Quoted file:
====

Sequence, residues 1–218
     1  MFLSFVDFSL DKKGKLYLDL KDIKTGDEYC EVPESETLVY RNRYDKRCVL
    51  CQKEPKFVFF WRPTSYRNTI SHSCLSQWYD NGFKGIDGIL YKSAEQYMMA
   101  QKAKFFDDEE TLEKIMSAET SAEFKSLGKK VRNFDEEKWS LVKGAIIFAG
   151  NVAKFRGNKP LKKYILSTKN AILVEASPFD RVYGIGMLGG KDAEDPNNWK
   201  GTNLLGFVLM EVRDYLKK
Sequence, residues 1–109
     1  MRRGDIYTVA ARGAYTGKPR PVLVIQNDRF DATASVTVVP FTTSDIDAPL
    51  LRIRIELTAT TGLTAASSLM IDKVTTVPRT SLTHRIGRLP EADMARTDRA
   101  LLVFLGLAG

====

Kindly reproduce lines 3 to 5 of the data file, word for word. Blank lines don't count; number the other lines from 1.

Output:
    51  CQKEPKFVFF WRPTSYRNTI SHSCLSQWYD NGFKGIDGIL YKSAEQYMMA
   101  QKAKFFDDEE TLEKIMSAET SAEFKSLGKK VRNFDEEKWS LVKGAIIFAG
   151  NVAKFRGNKP LKKYILSTKN AILVEASPFD RVYGIGMLGG KDAEDPNNWK